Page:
Had a few more beginners stay this week for a bit of intensive Bobing. It is nice to see that they are stopping on. I know from my own experience that once a class is over, students tend to be forgotten about and so wander off, because they do not want to hang around and wait for a chance to practice. I hope that I can fill the gap for them and entice more to stay until the practica. Our beginners are now able to join the practica and enjoy some dancing, as the room is quite small they are able to get a feeling of what a real milonga would be like and give me a small reminder of how to move in a crowded place again.

 

It seems that the same people appear wherever we go; it must simply be that there are people who go out and do something and those who do not.  We have started taking Salsa classes again, and every time we go we meet someone from our past. This week again we met someone with whom we danced many years ago. He has continued in other places and our paths have not crossed for ten years, yet here we again meet, all of us still dancing. What is really amazing is, that he lives so close, has danced continuously, yet our paths have not crossed for so long. People still tell me that there is nowhere to go; I guess that they just do not look past their television screens. There must be enough to do out there when two people who live so close can go out every night doing the same things and yet not meet for ten years.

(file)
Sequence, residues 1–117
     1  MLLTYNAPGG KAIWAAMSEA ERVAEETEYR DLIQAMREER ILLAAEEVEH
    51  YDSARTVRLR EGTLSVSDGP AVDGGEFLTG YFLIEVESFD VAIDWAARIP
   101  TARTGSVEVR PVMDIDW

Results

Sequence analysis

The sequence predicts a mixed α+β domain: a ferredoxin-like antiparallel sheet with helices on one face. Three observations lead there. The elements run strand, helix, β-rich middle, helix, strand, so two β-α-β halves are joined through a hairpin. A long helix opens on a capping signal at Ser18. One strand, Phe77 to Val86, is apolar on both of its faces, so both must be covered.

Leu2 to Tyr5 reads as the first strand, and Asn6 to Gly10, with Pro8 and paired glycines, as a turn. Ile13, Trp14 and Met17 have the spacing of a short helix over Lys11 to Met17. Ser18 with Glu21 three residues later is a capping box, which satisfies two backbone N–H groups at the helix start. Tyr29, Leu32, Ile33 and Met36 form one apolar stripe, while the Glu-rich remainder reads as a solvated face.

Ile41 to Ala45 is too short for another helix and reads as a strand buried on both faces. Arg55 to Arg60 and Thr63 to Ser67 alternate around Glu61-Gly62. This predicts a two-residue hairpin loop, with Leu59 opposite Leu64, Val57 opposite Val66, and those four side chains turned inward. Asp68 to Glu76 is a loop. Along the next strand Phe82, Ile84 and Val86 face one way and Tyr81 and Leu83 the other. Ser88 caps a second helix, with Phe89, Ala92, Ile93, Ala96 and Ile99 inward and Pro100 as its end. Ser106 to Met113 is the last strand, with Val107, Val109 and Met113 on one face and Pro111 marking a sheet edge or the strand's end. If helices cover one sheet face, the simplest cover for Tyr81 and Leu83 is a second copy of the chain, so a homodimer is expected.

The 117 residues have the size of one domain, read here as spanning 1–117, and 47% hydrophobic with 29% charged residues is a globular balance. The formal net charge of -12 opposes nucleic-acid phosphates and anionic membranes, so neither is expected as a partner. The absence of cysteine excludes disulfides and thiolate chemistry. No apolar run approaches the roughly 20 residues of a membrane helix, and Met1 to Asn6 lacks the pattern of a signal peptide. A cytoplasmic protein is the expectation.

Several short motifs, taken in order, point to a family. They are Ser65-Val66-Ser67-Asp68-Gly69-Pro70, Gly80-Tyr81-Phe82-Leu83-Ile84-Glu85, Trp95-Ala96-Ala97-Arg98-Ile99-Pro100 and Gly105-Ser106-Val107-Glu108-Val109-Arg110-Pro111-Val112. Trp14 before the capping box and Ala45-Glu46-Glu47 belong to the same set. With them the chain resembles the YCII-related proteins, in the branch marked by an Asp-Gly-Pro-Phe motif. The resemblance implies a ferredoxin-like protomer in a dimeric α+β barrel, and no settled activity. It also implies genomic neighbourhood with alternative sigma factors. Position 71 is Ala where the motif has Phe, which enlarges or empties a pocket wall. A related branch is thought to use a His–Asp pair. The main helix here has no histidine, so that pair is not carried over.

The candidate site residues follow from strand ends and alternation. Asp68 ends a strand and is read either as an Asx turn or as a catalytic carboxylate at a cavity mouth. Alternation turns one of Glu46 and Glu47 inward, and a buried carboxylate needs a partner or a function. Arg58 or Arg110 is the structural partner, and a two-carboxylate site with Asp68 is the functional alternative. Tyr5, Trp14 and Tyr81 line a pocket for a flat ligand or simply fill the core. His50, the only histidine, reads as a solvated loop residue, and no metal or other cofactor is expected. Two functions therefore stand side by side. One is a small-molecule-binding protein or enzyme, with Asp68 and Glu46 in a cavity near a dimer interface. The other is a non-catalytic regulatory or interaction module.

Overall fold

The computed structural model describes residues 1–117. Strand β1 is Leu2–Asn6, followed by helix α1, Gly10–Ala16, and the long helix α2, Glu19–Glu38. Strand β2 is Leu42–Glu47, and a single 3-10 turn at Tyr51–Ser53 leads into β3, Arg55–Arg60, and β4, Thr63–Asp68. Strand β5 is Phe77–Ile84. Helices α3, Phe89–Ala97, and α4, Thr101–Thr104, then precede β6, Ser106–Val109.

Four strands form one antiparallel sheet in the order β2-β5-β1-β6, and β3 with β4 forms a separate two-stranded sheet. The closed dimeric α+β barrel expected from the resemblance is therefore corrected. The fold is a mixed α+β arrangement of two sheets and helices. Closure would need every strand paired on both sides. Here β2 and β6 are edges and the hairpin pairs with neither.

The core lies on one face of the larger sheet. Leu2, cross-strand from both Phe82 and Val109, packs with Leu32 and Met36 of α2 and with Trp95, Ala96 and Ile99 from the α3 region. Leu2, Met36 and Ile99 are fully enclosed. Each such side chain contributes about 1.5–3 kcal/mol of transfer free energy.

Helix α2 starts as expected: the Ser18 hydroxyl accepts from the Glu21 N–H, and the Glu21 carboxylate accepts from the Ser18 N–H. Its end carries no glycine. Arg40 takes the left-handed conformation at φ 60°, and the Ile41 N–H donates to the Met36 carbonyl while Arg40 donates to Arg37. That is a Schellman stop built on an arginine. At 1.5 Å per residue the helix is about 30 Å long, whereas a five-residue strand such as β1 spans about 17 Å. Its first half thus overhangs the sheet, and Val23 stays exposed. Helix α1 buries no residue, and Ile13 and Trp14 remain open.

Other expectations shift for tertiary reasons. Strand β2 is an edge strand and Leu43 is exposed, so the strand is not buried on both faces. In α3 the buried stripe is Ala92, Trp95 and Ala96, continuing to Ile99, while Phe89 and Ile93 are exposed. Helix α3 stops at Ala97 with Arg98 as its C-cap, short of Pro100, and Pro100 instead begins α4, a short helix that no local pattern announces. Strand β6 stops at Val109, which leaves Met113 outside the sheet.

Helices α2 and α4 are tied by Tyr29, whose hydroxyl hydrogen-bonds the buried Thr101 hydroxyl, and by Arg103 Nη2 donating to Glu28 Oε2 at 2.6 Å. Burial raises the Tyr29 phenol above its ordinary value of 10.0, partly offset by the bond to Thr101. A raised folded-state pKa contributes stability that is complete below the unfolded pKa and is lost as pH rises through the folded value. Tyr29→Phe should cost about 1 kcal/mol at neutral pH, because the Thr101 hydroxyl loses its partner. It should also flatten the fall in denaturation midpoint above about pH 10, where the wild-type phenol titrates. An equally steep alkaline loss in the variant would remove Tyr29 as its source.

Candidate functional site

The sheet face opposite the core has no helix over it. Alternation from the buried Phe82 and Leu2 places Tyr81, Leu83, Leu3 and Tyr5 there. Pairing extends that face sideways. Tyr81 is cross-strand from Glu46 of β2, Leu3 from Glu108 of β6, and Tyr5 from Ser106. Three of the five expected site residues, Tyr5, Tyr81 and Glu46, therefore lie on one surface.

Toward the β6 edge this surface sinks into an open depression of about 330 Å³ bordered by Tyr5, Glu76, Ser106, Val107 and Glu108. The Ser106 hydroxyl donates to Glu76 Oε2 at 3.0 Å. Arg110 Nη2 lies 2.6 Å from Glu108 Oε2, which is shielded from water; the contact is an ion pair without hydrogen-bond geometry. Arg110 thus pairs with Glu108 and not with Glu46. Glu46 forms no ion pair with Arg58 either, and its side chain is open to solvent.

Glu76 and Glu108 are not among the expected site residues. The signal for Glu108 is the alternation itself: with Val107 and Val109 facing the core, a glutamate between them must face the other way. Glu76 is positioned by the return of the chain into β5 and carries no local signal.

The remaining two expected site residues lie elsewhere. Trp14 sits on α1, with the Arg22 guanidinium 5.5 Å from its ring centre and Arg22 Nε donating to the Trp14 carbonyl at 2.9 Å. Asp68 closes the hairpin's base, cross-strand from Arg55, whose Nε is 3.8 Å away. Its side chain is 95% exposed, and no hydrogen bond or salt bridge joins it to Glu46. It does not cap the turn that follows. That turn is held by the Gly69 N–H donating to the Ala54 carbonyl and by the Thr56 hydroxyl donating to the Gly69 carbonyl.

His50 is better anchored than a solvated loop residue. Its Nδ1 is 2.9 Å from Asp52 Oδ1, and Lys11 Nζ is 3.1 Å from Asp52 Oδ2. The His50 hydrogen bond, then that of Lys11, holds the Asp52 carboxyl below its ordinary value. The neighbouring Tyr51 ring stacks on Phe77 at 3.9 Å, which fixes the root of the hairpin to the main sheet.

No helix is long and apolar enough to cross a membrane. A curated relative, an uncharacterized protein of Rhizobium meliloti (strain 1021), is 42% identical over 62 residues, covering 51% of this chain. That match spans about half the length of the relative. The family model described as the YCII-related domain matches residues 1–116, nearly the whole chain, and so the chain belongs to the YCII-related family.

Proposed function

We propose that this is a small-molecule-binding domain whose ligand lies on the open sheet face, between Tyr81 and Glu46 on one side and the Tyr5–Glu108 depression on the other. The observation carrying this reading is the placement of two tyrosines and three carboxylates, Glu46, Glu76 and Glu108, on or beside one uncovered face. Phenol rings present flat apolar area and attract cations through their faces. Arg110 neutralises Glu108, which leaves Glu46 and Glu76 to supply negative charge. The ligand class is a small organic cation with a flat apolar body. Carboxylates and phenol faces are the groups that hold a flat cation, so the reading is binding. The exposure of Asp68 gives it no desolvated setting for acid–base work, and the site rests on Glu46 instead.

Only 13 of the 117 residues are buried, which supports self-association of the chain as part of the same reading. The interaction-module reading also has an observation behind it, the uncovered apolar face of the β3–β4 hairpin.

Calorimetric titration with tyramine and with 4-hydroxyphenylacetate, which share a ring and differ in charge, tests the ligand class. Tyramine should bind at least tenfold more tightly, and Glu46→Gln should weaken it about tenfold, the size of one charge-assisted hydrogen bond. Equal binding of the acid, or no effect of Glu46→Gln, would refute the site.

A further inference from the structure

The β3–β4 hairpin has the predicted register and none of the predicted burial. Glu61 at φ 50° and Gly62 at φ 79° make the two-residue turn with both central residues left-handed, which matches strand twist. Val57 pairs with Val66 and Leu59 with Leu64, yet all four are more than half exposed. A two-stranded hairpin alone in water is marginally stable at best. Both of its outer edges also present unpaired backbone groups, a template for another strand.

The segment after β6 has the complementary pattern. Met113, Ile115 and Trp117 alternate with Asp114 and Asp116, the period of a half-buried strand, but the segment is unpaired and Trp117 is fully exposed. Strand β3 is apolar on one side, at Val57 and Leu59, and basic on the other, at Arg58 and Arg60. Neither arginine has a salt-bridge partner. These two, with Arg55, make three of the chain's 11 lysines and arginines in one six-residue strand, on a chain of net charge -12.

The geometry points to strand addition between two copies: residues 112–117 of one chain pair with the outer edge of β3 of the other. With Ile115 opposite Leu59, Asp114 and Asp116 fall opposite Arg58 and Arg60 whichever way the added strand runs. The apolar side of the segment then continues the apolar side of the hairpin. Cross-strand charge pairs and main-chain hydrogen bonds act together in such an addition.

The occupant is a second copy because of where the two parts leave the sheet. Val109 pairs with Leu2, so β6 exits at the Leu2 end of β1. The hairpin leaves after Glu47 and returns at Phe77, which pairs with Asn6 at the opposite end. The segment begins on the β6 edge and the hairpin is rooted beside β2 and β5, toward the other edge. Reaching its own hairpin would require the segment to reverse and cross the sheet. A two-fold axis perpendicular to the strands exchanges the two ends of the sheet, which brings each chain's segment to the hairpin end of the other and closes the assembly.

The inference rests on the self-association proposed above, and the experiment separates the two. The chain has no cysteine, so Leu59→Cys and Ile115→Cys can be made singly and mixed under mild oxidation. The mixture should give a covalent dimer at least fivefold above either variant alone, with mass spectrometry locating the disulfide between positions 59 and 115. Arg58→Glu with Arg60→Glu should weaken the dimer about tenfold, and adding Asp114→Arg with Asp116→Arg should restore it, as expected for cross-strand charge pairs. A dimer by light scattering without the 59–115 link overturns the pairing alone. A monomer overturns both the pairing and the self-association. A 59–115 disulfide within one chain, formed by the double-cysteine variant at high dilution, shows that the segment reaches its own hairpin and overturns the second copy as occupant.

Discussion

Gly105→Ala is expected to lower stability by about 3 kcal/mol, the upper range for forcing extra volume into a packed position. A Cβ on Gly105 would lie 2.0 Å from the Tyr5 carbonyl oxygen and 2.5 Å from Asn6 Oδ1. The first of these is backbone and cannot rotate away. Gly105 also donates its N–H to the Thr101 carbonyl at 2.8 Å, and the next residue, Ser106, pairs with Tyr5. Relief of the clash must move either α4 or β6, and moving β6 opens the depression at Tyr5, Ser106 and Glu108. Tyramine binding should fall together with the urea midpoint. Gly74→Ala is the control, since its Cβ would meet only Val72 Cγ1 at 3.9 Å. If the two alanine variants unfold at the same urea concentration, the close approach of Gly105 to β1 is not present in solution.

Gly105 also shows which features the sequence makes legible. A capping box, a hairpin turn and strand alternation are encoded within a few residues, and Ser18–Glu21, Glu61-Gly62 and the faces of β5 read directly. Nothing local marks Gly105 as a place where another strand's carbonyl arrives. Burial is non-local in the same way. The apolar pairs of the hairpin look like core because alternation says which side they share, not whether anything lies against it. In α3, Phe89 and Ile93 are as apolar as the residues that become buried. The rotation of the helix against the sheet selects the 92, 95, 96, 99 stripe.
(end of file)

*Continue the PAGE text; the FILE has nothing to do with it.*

I hear yet again over six million people saw Strictly Come Dancing this week, the shame is, we can’t get even one percent of them out into dance floors. Perhaps if it were not shown as such an exclusive pastime, with exotic costumes and personal training that would run into thousands, one or two would realise, anyone can dance.

Anyone can. When I started, our dance teacher said to Viv “he will never be able to dance” now some may still agree with her, I may never be Fred Astaire, but with time and commitment I think I have made quite a journey. I enjoy dancing, women enjoy dancing with me, you won’t see me on strictly, but I have what I want; fun.

I will keep plugging this message, over and over, you do not need to be the greatest dancer in the world, to enjoy it, but you will feel on top of the world when you do it.

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Axis

The week started badly as I had to miss the Monday class again, but with more venues now opening up it meant I would be free for the Thursday in Shrewsbury.